FDA approves cancer drugs without proof they’re extending lives | Pharmaguy's Insights Into Drug Industry News | Scoop.it

For decades, researchers have focused ondeveloping new cancer drugs that save lives or improve the quality of life. But when the U.S. Food and Drug Administration allowed Inlyta, a $10,000 a month drug, on the market in 2012, there was no proof that it did either.


Inlyta is not an exception to the rule.


A Milwaukee Journal Sentinel/MedPage Today analysis of 54 new cancer drugs found that over the last decade the FDA allowed 74% of them on the market without proof that they extended life. Seldom was there proof of improved quality of life, either.


Nor has the FDA demanded companies provide such evidence.

Instead, the agency approved the drugs based on surrogate measures, such as a tumor shrinking, rather than the gold standard and most reliable measure of cancer research, patients actually surviving longer. The problem is cancer is complicated — a tumor might stop growing or shrink in one spot, then reappear somewhere else, or even in multiple places.


Inlyta, manufactured by Pfizer, was allowed on the market based on a commonly used surrogate known as progression-free survival, which means patients survived longer before doctors detected a tumor worsening.


Patients given Inlyta saw no noticeable progression of their disease for an average of 6.7 months, two months longer than those who got a control drug. But patients who got Inlyta did not live any longer.

Before Inlyta was approved, an FDA reviewer noted it would be the seventh drug for advanced kidney cancer approved by the FDA since 2005. Only one of them, a drug known as Torisel, had actually proven to help people live longer.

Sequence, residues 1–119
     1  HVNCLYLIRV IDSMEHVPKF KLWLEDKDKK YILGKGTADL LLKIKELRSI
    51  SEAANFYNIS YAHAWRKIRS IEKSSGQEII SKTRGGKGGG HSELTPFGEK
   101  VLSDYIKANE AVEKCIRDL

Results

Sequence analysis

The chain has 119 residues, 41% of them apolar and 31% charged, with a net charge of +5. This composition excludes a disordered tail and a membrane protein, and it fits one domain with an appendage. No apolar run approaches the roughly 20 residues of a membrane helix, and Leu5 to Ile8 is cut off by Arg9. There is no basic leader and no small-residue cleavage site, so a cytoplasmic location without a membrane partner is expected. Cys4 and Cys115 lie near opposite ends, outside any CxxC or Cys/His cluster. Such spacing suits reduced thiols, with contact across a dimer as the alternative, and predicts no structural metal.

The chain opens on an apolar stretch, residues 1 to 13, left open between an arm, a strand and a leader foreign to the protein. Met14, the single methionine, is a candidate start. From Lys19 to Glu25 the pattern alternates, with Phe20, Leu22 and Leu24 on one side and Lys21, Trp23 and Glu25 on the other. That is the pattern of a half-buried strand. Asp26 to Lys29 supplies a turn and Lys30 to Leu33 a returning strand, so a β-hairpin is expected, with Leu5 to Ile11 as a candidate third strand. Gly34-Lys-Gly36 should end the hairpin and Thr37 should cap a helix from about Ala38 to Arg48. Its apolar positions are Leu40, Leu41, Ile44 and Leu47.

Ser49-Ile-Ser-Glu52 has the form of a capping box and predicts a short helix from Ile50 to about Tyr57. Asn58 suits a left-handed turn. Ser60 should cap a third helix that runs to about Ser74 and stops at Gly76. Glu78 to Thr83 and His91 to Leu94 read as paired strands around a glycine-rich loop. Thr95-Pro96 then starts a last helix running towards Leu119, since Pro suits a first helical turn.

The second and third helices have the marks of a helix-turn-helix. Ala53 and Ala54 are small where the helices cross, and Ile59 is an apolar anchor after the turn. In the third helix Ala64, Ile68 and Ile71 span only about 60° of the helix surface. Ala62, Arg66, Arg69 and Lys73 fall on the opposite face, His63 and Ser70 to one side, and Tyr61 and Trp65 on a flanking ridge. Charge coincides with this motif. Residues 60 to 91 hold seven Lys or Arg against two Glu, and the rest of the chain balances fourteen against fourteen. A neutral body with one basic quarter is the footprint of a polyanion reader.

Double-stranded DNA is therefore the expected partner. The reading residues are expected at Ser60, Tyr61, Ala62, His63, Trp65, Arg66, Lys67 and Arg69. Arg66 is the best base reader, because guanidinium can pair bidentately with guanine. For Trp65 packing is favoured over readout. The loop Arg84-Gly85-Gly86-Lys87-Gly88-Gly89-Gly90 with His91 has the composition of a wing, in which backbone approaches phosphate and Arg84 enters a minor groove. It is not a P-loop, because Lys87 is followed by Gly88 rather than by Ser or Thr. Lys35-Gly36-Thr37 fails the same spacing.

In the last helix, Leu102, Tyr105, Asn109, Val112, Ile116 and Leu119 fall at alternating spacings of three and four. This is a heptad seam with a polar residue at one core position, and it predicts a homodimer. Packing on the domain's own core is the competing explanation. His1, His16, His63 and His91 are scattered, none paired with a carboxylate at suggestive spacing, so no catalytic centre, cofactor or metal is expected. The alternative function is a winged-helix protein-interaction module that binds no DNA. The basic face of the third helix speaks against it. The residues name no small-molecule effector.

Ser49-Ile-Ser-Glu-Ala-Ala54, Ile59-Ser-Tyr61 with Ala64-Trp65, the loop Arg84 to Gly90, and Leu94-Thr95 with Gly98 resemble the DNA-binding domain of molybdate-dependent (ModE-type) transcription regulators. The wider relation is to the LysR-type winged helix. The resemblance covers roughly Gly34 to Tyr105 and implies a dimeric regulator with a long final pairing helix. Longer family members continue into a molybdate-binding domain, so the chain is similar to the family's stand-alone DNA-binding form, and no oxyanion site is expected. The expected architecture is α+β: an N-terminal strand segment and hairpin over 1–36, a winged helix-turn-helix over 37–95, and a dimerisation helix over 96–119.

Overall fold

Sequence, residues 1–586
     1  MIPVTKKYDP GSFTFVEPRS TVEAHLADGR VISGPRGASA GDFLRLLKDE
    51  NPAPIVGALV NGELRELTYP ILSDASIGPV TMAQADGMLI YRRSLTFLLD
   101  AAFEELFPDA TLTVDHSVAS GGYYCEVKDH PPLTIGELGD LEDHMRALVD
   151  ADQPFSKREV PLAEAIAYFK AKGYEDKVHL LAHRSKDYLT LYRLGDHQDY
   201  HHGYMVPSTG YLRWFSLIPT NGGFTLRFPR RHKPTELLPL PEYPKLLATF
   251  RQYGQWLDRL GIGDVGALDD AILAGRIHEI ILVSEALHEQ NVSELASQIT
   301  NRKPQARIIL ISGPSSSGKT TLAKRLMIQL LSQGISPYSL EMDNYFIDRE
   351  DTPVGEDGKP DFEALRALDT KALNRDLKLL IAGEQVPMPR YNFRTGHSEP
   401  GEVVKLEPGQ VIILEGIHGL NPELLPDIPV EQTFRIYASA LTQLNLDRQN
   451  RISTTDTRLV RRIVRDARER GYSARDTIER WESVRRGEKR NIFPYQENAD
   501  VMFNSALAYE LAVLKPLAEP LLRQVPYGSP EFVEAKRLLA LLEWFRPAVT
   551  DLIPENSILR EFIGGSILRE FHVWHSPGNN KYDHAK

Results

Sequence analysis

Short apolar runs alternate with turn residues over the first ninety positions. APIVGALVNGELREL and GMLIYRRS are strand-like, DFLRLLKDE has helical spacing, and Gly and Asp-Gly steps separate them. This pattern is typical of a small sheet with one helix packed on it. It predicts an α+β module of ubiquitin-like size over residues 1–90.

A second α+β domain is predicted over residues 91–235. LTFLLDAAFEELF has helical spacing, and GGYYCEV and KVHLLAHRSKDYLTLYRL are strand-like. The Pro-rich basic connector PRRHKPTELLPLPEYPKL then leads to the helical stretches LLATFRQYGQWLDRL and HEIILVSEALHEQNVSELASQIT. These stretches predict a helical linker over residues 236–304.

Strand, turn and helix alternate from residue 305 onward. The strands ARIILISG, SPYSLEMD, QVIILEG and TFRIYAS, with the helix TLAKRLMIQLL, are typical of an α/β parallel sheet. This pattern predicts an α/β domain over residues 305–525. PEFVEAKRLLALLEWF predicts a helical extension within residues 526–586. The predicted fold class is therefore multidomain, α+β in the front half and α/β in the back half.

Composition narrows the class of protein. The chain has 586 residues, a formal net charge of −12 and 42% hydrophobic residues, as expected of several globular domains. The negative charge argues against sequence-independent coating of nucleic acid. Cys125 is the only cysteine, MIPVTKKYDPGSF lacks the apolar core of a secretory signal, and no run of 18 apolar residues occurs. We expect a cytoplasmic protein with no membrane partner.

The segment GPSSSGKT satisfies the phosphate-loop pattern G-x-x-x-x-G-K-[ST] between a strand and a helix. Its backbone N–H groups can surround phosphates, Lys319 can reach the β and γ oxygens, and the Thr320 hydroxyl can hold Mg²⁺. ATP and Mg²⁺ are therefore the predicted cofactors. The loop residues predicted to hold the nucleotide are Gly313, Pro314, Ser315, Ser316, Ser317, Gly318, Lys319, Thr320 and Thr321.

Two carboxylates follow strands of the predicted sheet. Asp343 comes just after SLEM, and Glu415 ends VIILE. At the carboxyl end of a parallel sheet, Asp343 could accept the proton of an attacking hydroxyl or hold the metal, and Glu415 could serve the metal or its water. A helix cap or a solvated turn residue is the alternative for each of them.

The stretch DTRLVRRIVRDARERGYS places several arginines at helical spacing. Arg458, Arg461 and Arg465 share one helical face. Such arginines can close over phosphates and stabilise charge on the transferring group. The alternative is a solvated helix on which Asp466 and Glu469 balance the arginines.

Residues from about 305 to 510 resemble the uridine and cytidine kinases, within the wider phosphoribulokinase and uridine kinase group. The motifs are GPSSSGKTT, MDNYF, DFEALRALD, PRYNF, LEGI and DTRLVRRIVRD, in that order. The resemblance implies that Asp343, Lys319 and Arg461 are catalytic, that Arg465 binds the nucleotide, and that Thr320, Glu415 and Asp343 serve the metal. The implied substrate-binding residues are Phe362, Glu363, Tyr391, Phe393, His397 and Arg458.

Prompted by politicians, pharmaceutical companies and advocacy groups seeking to speed up drug approvals, the FDA has allowed shortcuts to make it easier for companies to get products on the market.


A big part of that has been the use of surrogate measures.


For instance, diabetes drugs usually are approved based on lowering blood-sugar levels, rather than clinical benefits such as fewer amputations and heart attacks.


Heart drugs may be approved based on tests measuring various fats in the blood rather than fewer heart attacks, strokes or cardiovascular deaths.


Surrogate measures, which allow for shorter, smaller and cheaper clinical trials, have opened the gates to a steady stream of costly drugs of dubious value.


"The whole paradigm is broken, and it is an unmitigated disaster," said Peter F. Thall, a biostatistician at MD Anderson Cancer Center in Houston who designs clinical trials for cancer research.